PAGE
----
When summer hits and the temperatures rise, then it's time to turn on your air conditioning. Having to suffer under sweltering temperatures because your air conditioning broke down is an experience no one will envy. Your HVAC unit also maintains an air quality that will safeguard your health. However, their heavy use during the hot season could put a significant strain on your financial resources if you aren't careful. Keeping your HVAC unit functional and energy-efficient is therefore paramount. If you have an air conditioning unit in your home, here are some tips to get the most out of it during summer.
Change the air filters.
This is the simplest way to enhance the general energy-efficiency of your system. The filters keep debris out of your system while it is in active use. Therefore, as summer approaches, change the filters of your HVAC before you begin using it in earnest. Accumulated dust will clog the filters and prevent the passage of air. Your system is consequently stressed in order to push air through the clogged filters. The overall functionality is reduced, and you have to resort to lowering the thermostat to achieve suitable temperatures. This increases your energy costs and could damage your unit. Remember to change the air filters at least once a month for the best effect.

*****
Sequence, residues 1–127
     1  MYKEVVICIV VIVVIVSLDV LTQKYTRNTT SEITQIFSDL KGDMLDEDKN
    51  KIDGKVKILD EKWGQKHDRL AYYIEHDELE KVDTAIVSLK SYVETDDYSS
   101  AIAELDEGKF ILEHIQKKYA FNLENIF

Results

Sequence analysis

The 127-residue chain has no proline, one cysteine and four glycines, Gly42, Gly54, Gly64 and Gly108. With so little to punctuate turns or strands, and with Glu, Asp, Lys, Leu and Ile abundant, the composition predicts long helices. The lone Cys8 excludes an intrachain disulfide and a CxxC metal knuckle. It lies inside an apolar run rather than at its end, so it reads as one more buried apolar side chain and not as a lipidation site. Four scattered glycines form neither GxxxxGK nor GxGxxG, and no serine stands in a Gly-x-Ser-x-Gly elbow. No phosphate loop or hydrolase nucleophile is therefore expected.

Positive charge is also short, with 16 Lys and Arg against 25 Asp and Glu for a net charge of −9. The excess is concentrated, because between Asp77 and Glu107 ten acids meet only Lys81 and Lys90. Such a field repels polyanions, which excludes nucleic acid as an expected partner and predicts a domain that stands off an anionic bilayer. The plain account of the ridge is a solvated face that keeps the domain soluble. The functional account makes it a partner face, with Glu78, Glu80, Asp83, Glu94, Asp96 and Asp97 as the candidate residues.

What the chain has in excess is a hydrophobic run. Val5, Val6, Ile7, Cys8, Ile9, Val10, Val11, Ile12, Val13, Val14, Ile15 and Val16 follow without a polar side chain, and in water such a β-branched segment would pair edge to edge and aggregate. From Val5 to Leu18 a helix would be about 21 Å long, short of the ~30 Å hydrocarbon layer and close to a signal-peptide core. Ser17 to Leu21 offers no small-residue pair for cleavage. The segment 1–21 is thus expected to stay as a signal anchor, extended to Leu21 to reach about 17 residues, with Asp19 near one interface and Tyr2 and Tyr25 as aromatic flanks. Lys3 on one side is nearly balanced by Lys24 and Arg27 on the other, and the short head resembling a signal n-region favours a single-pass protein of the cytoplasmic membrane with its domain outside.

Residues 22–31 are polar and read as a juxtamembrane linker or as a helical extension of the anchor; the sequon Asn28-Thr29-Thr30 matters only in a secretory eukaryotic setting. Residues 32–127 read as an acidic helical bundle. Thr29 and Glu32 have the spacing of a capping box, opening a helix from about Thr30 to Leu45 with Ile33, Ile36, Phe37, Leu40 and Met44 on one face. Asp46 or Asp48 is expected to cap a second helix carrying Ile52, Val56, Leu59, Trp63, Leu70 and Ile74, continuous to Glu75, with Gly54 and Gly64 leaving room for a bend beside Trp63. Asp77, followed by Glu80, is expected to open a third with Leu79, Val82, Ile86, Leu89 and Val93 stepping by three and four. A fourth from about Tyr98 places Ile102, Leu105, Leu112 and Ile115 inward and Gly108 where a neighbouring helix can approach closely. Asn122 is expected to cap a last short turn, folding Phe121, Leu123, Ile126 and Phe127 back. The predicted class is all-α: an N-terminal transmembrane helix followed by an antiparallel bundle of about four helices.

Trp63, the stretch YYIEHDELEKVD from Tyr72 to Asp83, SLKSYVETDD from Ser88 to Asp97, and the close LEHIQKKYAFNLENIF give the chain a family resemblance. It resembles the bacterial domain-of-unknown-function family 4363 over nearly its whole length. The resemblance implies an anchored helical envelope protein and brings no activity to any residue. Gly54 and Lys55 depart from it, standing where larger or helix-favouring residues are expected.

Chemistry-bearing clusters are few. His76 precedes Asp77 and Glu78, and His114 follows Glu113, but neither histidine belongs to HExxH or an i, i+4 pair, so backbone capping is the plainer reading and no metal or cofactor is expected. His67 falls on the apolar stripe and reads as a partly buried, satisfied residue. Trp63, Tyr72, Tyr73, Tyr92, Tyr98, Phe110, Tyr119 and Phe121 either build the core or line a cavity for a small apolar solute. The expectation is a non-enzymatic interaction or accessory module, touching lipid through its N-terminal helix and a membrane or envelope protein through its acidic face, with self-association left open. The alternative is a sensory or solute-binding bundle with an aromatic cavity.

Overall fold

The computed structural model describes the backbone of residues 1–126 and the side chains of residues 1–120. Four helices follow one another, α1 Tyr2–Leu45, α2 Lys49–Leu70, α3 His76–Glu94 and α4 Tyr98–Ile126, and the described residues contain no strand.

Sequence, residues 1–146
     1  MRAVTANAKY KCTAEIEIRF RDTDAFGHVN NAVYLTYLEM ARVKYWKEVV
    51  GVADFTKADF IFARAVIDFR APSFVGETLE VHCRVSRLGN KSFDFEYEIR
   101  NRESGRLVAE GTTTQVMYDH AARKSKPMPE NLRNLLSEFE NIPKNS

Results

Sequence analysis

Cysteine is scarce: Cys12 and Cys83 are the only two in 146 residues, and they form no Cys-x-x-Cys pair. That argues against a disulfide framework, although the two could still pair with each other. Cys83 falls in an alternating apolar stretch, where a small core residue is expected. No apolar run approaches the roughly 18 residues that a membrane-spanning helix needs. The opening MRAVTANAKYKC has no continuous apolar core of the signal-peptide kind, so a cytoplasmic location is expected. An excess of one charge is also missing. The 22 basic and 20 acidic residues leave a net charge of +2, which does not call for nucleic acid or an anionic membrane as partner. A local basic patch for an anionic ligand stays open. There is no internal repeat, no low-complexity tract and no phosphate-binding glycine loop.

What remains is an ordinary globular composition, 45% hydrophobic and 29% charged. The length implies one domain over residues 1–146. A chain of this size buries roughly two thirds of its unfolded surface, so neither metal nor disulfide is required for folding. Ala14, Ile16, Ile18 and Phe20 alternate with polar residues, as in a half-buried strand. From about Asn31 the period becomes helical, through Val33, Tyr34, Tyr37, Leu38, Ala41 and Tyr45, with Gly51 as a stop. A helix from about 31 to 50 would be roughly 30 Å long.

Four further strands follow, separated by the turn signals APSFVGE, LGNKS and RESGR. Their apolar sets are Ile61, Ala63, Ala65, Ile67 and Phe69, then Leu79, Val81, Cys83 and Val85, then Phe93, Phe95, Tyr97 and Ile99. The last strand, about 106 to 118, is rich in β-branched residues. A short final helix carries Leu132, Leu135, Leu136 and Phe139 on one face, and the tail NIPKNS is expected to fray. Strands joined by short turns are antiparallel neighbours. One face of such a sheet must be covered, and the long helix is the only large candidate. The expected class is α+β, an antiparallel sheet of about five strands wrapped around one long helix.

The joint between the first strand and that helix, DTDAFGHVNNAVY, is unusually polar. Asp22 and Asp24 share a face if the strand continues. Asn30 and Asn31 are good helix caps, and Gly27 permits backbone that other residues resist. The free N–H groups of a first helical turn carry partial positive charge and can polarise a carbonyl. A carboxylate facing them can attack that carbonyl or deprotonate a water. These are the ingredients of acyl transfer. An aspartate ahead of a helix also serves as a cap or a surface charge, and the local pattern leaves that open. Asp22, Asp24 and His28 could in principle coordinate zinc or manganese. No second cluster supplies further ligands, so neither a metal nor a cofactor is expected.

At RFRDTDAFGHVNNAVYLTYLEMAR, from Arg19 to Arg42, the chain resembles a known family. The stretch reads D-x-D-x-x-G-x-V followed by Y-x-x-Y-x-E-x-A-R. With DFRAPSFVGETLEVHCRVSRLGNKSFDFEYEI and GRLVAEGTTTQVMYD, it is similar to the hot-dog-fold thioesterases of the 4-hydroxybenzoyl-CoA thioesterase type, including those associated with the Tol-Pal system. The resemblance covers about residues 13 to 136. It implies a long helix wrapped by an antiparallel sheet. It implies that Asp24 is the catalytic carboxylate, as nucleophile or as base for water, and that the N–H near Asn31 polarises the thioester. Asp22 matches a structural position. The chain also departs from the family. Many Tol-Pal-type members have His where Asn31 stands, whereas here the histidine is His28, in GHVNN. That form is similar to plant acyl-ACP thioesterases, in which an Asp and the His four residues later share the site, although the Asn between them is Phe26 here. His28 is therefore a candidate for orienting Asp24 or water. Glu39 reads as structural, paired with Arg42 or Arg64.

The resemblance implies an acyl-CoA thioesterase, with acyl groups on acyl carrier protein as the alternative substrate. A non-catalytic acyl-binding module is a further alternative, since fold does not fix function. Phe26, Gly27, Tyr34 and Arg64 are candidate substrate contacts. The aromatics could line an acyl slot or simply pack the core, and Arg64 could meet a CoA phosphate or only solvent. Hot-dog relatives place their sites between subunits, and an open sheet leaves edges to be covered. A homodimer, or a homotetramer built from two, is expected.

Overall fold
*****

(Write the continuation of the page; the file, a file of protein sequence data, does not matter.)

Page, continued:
Install a programmable thermostat.
Having to constantly change the temperature settings of your HVAC unit is tedious. Furthermore, it could lead to energy waste if the temperatures constantly fluctuate. A programmable thermostat is able to adapt to the ambient temperatures without your input. You simply have to set the temperature you find comfortable, and the system will accommodate your demands. You can also set times when no one is around the house to switch it off in order to save on energy.
Exercise preventive maintenance.
To keep your system at its best, schedule regular air conditioning service from trusted contractors. Issues such as leaking ducts can be undetected for long, and the only clue you'll have will be a hefty energy bill at the end of the month. Ensure you do this before the summer starts to prevent unwelcome surprises. Also remember to clean the area around your outside unit. Weeds, leaves, and other debris may get into your HVAC and damage it. The average unit lasts for 10 to 15 years. If your system has a similar number of years under its belt, then contact your HVAC repair service and see about replacing it with a new model. This will prevent a break-down at inopportune moments.